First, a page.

As soon as this delicious mustard (ok saffron, but I keep calling it mustard) John Kaldor peaseblossom fabric landed at Sew Essential HQ I knew I had to make something with it.
There is just something about mustard in the Autumn that I find comforting. Weird? Probably. In fact I never really wear yellow at any other time of year, but in the Autumn I'm all about my mustard jumper or my mustard striped T, both of which were worn whilst sewing the mustard coloured dress.
Besides the glorious colour I knew the quality of this lightweight crepe would be second to none. I mean you just can't go wrong with John Kaldor.
I initially planned to make a Sew Over It vintage shirt dress. I love Sew Over It patterns, but unfortunately the drafting of the back bodice, particularly the armhole, on their dresses really doesn't seem to fit me. I made three toiles and was getting there, but then I spotted McCalls 7381 and like a fickle child my head was immediately turned by something new and shiny.
I loved the gathered sleeves, V Neck and although it was a vintage inspired design I thought it could actually look quite bohemian. Wavy hair, ankle boots and a leather jacket should bring it bang up to date.
Adjustments and Sizing
I decided to make a toile and I'm glad I did. I made a medium based on my bust measurement and it was massive. I cut a small and the fit was much better, but there were still a few adjustments to make. These are adjustments I have to make to every pattern so it isn't a reflection of the drafting, but my oddities!
The neckline is supposed to be low at the back on this dress as indicated on the pattern, however, it was falling lower still. I decided to make a high round back adjustment. This would also help to bring the shoulder seams forward, which were way back as usual.
Next I made a forward shoulder adjustment, which I did after sewing the pleats on the front bodice. It would have been difficult to alter the pattern piece pre-pleating and if you're bringing the shoulder forward you are taking off the front piece anyway (rather than adding on) so I knew I could work from the original pattern piece.
I followed the Palmer and Pletsch guidance of not moving the dot at the shoulder seam forward on the sleeve to match the new position of the shoulder seam on the bodice.
Instead I matched the original dot on the sleeve shoulder seam with the new, more forward shoulder seam on the bodice. This meant there was more fullness in the front of the shoulder and less at the back, which is perfect for forward shoulders! They also suggest adding on at the back under arm sleeve seam and taking off at the front under arm sleeve seam if you want it to match the side seam.
I think the sleeves also fall better at the back thanks to this adjustment. In the past I've noticed creases down the back of the sleeve whereas these have now been removed.
Before adding the sleeve I noticed the armhole was gaping at the back. I've noticed this on other garments recently and think it is possibly due to protruding shoulder blades. I slashed the pattern piece in two places and overlapped it then taped it in place to reduce the fullness here then slashed the sleeve piece from the shoulder towards the cuff and overlapped it to match it.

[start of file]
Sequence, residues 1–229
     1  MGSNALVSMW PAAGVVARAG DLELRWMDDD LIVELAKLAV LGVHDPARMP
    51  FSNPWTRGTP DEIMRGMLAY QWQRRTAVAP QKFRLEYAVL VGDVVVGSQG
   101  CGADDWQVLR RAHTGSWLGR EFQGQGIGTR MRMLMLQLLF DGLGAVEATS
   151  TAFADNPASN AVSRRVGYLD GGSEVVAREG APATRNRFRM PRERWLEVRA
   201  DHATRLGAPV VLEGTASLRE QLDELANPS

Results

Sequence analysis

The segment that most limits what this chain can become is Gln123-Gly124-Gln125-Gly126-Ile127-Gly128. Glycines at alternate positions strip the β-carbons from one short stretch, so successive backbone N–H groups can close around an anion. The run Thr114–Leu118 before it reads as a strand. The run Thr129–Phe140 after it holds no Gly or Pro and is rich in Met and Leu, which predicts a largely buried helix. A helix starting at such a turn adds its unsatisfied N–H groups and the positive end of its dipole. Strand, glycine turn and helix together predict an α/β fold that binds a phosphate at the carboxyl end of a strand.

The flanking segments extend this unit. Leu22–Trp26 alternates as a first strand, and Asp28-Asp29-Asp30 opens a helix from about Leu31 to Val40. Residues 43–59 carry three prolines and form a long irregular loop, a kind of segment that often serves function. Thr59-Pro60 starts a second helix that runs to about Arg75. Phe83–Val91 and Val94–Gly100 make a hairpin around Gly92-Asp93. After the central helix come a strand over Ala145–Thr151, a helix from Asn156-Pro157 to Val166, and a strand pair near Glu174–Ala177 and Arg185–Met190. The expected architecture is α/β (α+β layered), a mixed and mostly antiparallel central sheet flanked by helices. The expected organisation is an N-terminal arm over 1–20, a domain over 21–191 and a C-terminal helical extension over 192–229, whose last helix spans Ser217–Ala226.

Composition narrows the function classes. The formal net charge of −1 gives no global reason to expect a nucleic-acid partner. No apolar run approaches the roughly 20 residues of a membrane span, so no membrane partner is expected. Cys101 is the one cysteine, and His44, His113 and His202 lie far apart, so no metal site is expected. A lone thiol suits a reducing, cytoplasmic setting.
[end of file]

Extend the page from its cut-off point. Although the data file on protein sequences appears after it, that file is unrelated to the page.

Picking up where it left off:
The fit was much better now and I'm really pleased with how the bodice and armhole fits my body at the front and back. However, I think I may have taken a little too much out of the back bodice where the armholes were gaping because it is difficult to take the dress off! I can live with this seeing as it looks good, but it is a learning point for next time not to go too snug here.
Now I was ready to crack on with the real deal, which I knew would be easy when all I had to think about was sewing.
The construction of this pattern is so, so easy! I did make a couple of changes, but that was just down to personal preference.
Instead of lining the bodice as suggested in the pattern I added a self drafted 1/4" visible binding in the same fabric to finish the neckline. You can see a tutorial on how I did it here.
I hand stitched down the side of the binding to secure the dress where it overlapped. However, once I put it on I realised it was pulling a little on the stitches so Angela suggested I stitch in the ditch down the binding to secure it. What a brilliant idea, I will be doing this ASAP!
I also decided to overlock the hem and hand stitch it in place rather than machine stitch it. This is purely down to personal preference and enjoying a bit of slow sewing in front of the TV!
I did take 1 and 3/4" off the hem to make it shorter too. I knew I would want to wear it with thick black tights and wanted to make sure it looked modern.
Another tip from Angela was to run a little row of stitches inside the pleats to help them stay crisp before pressing.
This dress is definitely going to be a firm favourite in my Autumn Winter wardrobe for many reasons:
- I love injecting a bit of colour into my winter wardrobe.
- The pleats at the waist and curved waist seam are very flattering. They really seem to draw your eye to the waist and emphasise it in a good way, although I'm not sure the camera angle shows this off too well.
- The bell sleeves are right up my street and coupled with the pleats on the shoulders give just enough interesting details to make this otherwise simple dress a little bit special.
- It is just perfect for days and evenings out. Dressy enough to feel smart and put together, but not so dressy I would feel uncomfortable or over dressed.
Have fun sewing!
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